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BOUND BY 



EISTER & SMETHIE I 



105-107 GOVERNOR ST. 
l RICHMOND. VA.. 










UNITED STATES DEPARTMENT OF AGRICULTURE 




o^rw*. 



BULLETIN No. 501 

OFFICE OF THE SECRETARY 

Contribution from the Office of Farm Management 

W. J. SPILLMAN, Chief 




Washington, D. C. 



PROFESSIONAL PAPER 



February 20, 1917 



A STUDY IN THE COST OF PRODUCING MILK 
ON FOUR DAIRY FARMS, LOCATED IN WIS- 
CONSIN, MICHIGAN, PENNSYLVANIA, 
AND NORTH CAROLINA. 

By Morton O. Cooper, Scientific Assistant; C. M. Bennett, 
Agriculturist, and L. M. Church, Assistant. 



CONTENTS. 



Page. 

The scope of the study 1 

Locations and descriptions of farms where 

cost records were obtained 2 

Methods of procuring data 4 

Factors involved in the cost of producing 

milk 4 

Feed and bedding 5 

Labor 10 

Use of buildings 12 

Use of equipment 12 

Use of bull 13 

Interest 13 

Depreciation 13 



Page. 
Factors involved in the cost of producing 
milk— Continued. 

Miscellaneous items 14 

Overhead 14 

Credits other than milk 14 

Quantity of milk produced 16 

Net cost per unit of product 17 

Data from other sources 19 

Discussion of results : 21 

Relation of individual cow to cost of produc- 
tion 29 

Summary 33 

Literature cited 34 



THE SCOPE OF THE STUDY. 

Concerning an enterprise so extensive as dairying, it is important 
that something be known of the cost of production of the principal 
dairy products and the economic factors affecting each. It has been 
found that by making a detailed study of the business on an indi- 
vidual farm it is possible to draw conclusions which, in a general way, 
hold true for other farms of the same type operating under similar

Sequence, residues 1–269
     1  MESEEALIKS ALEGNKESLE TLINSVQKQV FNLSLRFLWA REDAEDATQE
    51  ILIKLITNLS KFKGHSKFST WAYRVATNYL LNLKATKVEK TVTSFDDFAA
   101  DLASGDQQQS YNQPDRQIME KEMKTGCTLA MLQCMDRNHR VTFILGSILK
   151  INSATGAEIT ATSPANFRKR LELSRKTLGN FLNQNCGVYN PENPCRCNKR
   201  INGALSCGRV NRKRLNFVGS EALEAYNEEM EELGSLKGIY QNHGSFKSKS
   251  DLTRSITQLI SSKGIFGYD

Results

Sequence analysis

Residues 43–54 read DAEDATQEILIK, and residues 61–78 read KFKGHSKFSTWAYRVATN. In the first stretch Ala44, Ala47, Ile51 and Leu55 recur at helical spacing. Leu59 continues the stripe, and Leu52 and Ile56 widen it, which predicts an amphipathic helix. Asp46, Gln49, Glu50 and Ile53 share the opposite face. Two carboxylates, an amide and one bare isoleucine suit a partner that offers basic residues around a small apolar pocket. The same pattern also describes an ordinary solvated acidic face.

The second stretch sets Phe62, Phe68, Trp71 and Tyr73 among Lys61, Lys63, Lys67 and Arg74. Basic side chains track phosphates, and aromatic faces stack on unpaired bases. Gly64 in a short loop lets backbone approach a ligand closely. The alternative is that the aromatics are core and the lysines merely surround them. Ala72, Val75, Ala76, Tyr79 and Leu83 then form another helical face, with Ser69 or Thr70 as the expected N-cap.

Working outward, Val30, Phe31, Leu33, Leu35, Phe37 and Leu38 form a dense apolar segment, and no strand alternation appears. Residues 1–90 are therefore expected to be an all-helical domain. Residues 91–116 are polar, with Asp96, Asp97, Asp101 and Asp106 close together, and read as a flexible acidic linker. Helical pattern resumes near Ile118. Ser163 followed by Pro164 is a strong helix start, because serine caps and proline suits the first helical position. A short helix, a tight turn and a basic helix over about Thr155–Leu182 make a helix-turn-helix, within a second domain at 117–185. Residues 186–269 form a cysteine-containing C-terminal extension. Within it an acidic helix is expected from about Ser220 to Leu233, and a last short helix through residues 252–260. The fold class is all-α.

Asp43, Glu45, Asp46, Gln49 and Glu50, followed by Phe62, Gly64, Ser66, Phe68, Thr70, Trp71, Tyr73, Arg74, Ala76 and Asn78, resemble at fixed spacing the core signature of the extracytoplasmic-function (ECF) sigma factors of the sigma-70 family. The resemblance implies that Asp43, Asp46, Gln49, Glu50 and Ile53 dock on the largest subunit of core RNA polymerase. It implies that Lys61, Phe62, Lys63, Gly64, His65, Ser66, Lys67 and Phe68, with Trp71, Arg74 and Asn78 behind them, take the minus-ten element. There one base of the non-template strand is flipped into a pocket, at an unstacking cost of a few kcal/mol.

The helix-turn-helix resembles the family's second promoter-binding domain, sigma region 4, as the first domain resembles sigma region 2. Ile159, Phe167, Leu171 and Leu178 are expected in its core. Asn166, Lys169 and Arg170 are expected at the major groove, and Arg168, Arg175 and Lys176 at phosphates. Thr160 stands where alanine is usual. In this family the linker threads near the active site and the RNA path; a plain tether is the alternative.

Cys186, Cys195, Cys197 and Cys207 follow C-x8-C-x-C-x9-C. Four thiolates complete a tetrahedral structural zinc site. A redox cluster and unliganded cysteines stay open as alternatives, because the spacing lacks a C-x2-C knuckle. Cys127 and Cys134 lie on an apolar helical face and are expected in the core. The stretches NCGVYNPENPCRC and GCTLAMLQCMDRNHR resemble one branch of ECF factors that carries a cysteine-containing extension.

conditions. By means of carefully kept cost-accounting records the 
Office of Farm Management has procured data on the cost of producing 
milk on four dairy farms of the better sort, located in separate and 
distinctive dairy regions, namely, those of Wisconsin, Michigan, Penn- 
sylvania, and North Carolina. These records cover periods of from four 
to seven years. It is the purpose of this bulletin to outline the prob- 
lem of obtaining the complete cost of producing milk on these farms 
and to show the relationship among the various items making up the 
total cost, as indicated by the data procured. 

68922°— Bull. 501—17 1 



2 BULLETIN 501, U. S. DEPAKTMENT OF AGKICULTURE. 

LOCATION AND DESCRIPTION OF FARMS FROM WHICH COST RECORDS 

WERE OBTAINED. 1 

The four farms from which data were obtained for this publication 
are located, respectively, in Dane County, Wis.; Macomb County, 
Mich.; Chester County, Pa.; and Edgecombe County, N. C. These 
farms will hereafter be mentioned as the " Wisconsin farm/' the 
" Michigan farm," the " Pennsylvania farm," and the " North 
Carolina farm." 

THE WISCONSIN FARM. 

The Wisconsin farm is representative of milk production on farms 
where there is an abundance of pasture. This farm, consisting of 
550 acres, has about 100 acres of nearly level land under cultivation, 
and the remainder, which is rolling and sidehill, is in pasture and 
woods. Most of the rolling land is too rough for cultivation, but 
has a naturally fertile soil which furnishes an abundant growth of 
grass throughout the summer months. This farm is best suited to 
a type of live-stock farming that provides for the profitable use of 
pasture. Small grain, corn, mixed hay, and alfalfa are grown in the 
cultivated area. Most of the corn is made into silage. These crops 
are all fed to live stock, and in addition some concentrates are pur- 
chased. 

The dairy herd normally consists of about 50 high-grade and pure- 
bred Jersey cows, two registered bulls, and about 40 calves and young 
stock. The practice is to have the cows freshen during the early fall, 
so that the heavy production comes during the fall and winter months, 
when prices of butter fat are highest. Also, the increased labor 
required in the production of crops comes at a time when less labor is 
needed in the care of the dairy herd, thus providing a more uniform 
distribution of labor throughout the year. For four years, 1909-1912, 
the milk was hauled to a local creamery and sold on the butter-fat 
basis. The skim milk was returned to the farm and fed to the calves 
and pigs. The skim milk not needed for the calves has made it pos- 
sible to raise 50 to 75 pigs per year. Some young stock is sold, be- 
cause more is normally raised than is needed to keep up the herd. 

THE MICHIGAN FARM. 

The Michigan farm is an example of milk production on farms where 
no natural pasture land is available. This farm, containing about 
195 acres, lies well and is practically all tillable land. During the 
summer 15 to 20 acres are used by the cows for exercise and pasture,